French Education

French education for engineers is significantly different from that of the United States. This fact will be the topic of this paper as well as the sequencing of French education. There are four schools in France that provide for the bulk of the engineering education after high school. These are called NATIONAL INSTITUTS FOR APPLIED SCIENCES or INSA. These institutions are very comprehensive and high level.

The NATIONAL INSTITUTS FOR APPLIED SCIENCES or INSA take students who have completed their secondary school studies and select them on the basis of their examination results and their academic records. The recruitment is highly selective. In 1991, 11,000 candidates with a science baccalaurat applied for about 1,200 places.1 It is therefore obvious, that the INSAs attract students with a high level of scientific education in mathematics, physics and chemistry.
The studies begin with a two-year basic study program in the PREMIER CYCLE, which is comprised of general science courses in mathematics, physics, chemistry, mechanics and computer science. These courses are also complimented with courses in the Liberal Arts. The students who pass the first and second year exams are admitted to the Engineering Departments where they continue their studies for three additional years. This enables the students to specialize in nearly all the different engineering sciences: computer studies, mechanics, physics, chemistry and biochemistry. One original aspect of the INSAs is that, the number of students in a department can vary depending on the state of employment prospects. All the INSAs train their students according to the same principles and curricula as the other four institutions.

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The First cycle is a two-year program of common core classes that welcomes secondary school graduates. Its goal is to prepare students for entry into one of the Institute’s specialized departments. The initial qualifications of those who apply for admission to INSA guarantee the high quality of the students: 80% of them graduate in 5 years and 5% in 6 years. 1 Engineering studies start concurrently with the first year of their training. After a two-year preparatory phase, the first cycle begins putting an ambitious regiment into place. The goal of this regiment is, first of all, to give students the common scientific, technical, and liberal arts training necessary for all departments. In order to achieve this goal, course work is divided into modules that are independent of each other. The second goal of the regiment is to encourage students to make the transition from high school student to a responsible higher level student with clearly defined professional goals. As a result of the quality of these different goals, the first cycle plays an important role in both engineering sciences as well as the liberal arts through both years.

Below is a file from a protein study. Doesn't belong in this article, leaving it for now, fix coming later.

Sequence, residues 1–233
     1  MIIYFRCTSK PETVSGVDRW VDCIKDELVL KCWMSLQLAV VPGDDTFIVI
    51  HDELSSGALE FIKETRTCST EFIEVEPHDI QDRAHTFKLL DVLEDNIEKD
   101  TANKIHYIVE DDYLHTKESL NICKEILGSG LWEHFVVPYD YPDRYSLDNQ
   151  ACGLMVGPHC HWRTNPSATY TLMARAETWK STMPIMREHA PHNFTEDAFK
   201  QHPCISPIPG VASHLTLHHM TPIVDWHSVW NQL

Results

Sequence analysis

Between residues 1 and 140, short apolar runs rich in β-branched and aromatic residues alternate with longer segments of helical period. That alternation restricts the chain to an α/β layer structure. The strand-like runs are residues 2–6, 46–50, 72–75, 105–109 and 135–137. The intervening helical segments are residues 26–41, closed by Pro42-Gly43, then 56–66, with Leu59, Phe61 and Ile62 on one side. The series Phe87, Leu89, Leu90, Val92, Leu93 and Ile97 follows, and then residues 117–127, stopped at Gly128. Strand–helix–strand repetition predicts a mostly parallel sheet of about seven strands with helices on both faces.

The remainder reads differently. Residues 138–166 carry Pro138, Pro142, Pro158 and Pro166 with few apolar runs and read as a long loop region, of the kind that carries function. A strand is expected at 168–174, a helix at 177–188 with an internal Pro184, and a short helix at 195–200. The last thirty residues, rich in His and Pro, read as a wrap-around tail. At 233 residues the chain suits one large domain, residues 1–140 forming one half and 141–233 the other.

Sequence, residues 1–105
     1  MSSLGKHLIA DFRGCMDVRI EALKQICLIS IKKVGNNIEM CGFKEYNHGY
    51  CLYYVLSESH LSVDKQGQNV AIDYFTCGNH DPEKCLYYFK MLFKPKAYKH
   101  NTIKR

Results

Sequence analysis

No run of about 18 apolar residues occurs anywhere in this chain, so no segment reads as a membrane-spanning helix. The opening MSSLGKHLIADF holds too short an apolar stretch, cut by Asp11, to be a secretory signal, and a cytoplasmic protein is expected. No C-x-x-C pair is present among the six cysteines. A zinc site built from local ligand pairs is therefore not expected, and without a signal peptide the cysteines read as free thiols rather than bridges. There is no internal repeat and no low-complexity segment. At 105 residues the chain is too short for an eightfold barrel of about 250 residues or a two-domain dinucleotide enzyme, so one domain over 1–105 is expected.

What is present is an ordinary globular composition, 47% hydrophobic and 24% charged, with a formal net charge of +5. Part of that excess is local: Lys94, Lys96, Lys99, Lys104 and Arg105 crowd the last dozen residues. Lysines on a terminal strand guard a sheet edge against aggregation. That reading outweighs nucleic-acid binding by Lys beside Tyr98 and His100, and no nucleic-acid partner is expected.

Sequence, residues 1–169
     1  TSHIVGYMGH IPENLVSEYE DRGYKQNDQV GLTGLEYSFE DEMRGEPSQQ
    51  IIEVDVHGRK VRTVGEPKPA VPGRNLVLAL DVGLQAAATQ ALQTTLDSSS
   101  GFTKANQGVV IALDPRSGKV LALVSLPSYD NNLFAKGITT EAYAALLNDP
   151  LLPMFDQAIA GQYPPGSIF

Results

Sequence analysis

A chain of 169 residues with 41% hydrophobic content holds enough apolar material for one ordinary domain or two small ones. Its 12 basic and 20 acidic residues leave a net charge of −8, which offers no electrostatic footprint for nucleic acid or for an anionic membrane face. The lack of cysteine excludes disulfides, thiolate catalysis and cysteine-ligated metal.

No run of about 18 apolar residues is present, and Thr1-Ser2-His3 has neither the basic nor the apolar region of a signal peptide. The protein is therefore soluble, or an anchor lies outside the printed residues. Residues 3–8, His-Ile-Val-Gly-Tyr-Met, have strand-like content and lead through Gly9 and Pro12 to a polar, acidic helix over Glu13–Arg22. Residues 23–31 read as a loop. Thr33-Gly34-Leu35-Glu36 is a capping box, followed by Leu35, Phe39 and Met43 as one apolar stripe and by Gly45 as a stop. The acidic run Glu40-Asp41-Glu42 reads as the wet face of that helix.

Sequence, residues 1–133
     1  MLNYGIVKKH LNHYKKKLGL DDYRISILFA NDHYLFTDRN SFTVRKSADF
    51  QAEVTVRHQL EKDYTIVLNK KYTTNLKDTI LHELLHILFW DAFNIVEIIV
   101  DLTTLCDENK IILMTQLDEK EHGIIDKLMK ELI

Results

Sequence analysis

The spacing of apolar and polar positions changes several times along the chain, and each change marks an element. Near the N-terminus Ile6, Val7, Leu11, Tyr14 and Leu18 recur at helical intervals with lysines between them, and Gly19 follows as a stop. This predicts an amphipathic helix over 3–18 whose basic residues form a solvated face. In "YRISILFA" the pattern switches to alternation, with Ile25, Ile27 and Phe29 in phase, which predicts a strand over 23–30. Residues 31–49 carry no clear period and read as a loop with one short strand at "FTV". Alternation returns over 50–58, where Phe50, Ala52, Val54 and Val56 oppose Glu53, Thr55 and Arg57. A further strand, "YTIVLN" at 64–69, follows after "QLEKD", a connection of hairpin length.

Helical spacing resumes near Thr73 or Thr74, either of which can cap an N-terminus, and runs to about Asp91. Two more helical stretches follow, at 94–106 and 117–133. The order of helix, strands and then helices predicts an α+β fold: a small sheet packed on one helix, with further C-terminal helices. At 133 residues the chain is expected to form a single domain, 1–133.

EURINSA is another two-year European first cycle in engineering studies that has, since 1991, been training European students (including French students) to be part of an international team. The scientific training, conducted in French but adapted to engineering students from different backgrounds (language abilities), allows the students to enroll in any one of the four INSAs in France or even in one of their European counter parts. The program is open to approximately 100 students (at each institution) of whom 1/3 are French, 1/3 are from other European countries, and 1/3 from Central and Eastern Europe.3